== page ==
Alt text

Figure 5.9.2


5.10

Alt text

Figure 5.10.1

For the circuit in Fig. 5.10.1, the NMOS transistor has V t n = 0.5 V, k n = 1 0 mA/V 2, and λ n = 0, and the PMOS transistor has V t p = 0.5 V, k p = 1 2.5 mA/V 2, and λ p = 0. Observe that Q 1 and its surrounding circuit is the same as the circuit analyzed in Problem 5.9 (Fig. 5.9.1), and you may use the results found in the solution to that problem here. Analyze the circuit to determine the currents in all branches and the voltages at all nodes.

5.10

From Fig. 5.10.1 in the problem statement we observe that transistor Q 1 together with its associated resistors is an identical circuit to that analyzed in the solution to Problem 5.9 (see Fig. 5.9.1). Since the gate terminal of Q 2 draws zero current, transistor Q 2 together with its associated resistances do not change the currents and voltages in Q 1 and its associated resistances. Thus, we need to only concern ourselves with the analysis of the part of the circuit shown in Figure 5.10.2, where V G S is found from

V G 2 = V D 1 = 2.5  V

Alt text

Figure 5.10.2

Since we do not know whether Q 2 is operating in saturation or in the triode region, we shall assume saturation-mode operation and, of course, we will have to check the validity of this assumption. We can now write

I D 2   =   1 2 k p V O V 2 2   =   1 2 × 12.5 V O V 2 2

Thus,

I D 2 = 6.2 5 V O V 2 2 ,  mA
(1)

Another relationship between I D 2 and V O V 2 can be obtained as follows:

V S 2   =   V G 2 + V S G 2 = V G 2 + ( V t p + V O V 2 ) = 2.5 + 0.5 + V O V 2 = 3 + V O V 2

But

I D 2   =   V D D - V S 2 R S 2   =   5 - ( 3 + V O V 2 ) 7.2 I D 2   =   2 - V O V 2 7.2 ,   m A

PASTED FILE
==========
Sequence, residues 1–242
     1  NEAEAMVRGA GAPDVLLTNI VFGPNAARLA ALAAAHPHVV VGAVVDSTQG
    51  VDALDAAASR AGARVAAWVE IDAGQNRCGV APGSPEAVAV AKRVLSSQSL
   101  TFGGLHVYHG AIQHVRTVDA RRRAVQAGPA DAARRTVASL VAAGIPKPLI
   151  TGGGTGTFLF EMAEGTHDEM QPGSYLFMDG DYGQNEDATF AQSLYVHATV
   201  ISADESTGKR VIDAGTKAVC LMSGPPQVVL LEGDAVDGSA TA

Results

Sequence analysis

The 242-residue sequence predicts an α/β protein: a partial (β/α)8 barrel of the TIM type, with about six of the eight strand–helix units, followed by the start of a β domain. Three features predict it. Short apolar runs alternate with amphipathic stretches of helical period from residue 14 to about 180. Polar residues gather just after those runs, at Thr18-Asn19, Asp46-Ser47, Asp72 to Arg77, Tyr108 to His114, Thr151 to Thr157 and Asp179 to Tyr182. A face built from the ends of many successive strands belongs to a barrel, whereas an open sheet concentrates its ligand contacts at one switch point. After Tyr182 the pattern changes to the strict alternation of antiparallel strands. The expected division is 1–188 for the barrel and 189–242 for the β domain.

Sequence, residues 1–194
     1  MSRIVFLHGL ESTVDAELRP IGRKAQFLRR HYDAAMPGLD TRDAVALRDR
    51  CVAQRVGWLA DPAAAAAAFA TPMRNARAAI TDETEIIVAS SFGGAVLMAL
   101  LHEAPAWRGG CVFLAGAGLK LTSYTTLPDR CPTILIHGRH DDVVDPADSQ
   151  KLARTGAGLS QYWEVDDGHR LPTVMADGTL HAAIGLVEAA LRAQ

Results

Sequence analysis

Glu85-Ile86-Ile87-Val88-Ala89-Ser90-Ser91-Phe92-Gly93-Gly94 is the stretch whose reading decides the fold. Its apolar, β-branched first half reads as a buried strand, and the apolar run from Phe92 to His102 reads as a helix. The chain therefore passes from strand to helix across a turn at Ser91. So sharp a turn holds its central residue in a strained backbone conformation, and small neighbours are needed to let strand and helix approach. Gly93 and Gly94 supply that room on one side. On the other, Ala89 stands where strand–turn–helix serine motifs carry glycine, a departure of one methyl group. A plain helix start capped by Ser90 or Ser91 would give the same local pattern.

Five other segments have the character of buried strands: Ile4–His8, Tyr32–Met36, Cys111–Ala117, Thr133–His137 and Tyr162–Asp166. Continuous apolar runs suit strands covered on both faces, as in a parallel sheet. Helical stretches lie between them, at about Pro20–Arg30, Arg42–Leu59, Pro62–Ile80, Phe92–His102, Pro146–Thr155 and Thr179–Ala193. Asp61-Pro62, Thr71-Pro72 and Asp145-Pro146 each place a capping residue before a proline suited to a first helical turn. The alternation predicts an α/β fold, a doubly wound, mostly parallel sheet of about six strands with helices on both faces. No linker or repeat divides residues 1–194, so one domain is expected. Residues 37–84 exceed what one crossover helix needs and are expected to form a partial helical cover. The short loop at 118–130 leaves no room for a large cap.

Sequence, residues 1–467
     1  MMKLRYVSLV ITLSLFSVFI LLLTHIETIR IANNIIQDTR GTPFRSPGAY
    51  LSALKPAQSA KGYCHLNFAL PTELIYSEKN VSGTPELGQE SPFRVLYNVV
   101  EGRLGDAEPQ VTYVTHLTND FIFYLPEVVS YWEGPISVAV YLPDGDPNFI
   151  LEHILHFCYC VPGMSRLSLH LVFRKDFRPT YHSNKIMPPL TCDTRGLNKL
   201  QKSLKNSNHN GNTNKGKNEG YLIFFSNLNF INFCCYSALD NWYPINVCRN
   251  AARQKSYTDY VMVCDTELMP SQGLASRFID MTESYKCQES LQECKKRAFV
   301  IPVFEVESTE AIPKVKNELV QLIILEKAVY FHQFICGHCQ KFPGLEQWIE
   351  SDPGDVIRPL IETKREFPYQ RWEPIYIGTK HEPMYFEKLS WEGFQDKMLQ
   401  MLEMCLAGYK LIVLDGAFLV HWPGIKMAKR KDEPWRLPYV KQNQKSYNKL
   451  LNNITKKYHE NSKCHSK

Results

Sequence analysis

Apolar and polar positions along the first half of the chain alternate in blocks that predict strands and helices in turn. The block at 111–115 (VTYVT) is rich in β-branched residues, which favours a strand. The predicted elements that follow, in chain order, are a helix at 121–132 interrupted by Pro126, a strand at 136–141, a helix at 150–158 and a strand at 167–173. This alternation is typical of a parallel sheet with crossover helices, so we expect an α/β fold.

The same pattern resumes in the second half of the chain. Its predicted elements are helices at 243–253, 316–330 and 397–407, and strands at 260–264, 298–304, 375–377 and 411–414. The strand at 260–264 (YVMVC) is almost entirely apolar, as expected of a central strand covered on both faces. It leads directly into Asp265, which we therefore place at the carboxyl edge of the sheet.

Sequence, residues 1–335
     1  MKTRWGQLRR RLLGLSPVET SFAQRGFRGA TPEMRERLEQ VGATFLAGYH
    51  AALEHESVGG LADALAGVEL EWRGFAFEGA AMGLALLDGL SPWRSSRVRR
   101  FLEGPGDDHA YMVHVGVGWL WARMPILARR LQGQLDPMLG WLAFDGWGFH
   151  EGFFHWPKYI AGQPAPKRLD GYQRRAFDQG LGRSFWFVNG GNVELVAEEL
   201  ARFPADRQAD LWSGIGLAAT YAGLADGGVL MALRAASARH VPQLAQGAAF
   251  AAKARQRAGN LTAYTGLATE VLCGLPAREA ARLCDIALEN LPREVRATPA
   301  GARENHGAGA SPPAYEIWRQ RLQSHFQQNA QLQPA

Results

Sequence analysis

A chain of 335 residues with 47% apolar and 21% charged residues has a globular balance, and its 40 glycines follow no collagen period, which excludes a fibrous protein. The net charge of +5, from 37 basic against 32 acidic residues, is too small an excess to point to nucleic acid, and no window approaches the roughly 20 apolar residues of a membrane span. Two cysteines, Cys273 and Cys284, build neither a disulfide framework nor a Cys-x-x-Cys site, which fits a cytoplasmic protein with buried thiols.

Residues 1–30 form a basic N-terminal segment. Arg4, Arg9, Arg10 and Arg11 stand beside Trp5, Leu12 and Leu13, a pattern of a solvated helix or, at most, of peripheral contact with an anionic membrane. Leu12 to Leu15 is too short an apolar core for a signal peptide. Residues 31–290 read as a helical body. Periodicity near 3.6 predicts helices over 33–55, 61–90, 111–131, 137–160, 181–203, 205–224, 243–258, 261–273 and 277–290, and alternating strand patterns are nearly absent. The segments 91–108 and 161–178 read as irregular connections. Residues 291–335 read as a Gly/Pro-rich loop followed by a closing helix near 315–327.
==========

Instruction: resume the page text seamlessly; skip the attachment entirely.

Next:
(2)

Equating I D 2 from Eqs. (1) and (2) results in

6.25 V O V 2 2 = 2 V O V 2 7.2

which can be rearranged into the form

45 V O V 2 2 + V O V 2 2 = 0

This quadratic equation can be solved to obtain

V O V 2 = 0.2  V  or 0.2 2  V

Obviously, the negative solution is physically meaningless, thus

V O V 2 = 0.2  V

and

I D 2 = 6.2 5 × 0. 2 2 = 0.2 5  mA

We are now ready to check the validity of our assumption of saturation-mode operation. We can do this by finding V D 2:

V D 2 = I D 2 R D 2 = 0.2 5 × 8 = 2  V

which is lower than the voltage at the gate ( V G2 = 2.5 V), confirming saturation-mode operation. The voltage V S2 can be found as

V S 2 = V D D I D 2 R S 2 = 5 0.2 5 × 7.2 = + 3.2  V

Alt text

Figure 5.10.3

Finally, Fig. 5.10.3 shows the complete circuit with all currents and voltages. The values associated with Q 1 are those obtained in the solution for Problem 5.9. The reader is urged to make a few quick checks on the results displayed in Fig. 5.10.3.


D5.11

Alt text

Figure 5.11.1

Design the circuit in Fig. 5.11.1 to obtain I = 1  μA, I D = 0.5 mA, V S = 2 V, and V D = 5 V. The NMOS transistor has V t = 0.5 V, k n = 4 mA/V 2, and λ = 0.

5.11

Alt text

Figure 5.11.1

Refer to Fig. 5.11.1. We assume that the transistor is operating in the saturation mode, thus

I D = 1 2 k n V O V 2

where we have taken account of the stated value λ = 0. To obtain I D = 0.5 mA, the required value of V O V can be found from

0.5   =   1 2 × 4 V O V 2 V O V = 0.5  V

Now, since

V D S = V D V S = 5 2 = 3  V

is greater than V O V , the MOSFET is operating in saturation, as assumed. The required value of R S can be determined as follows:

R S = V S I D = 2 0.5 = 4  k Ω

and the required value of R D can be determined as follows:

R D = V D D V D I D = 1 0 5 0.5 = 1 0  k Ω

The voltage at the gate V G is found as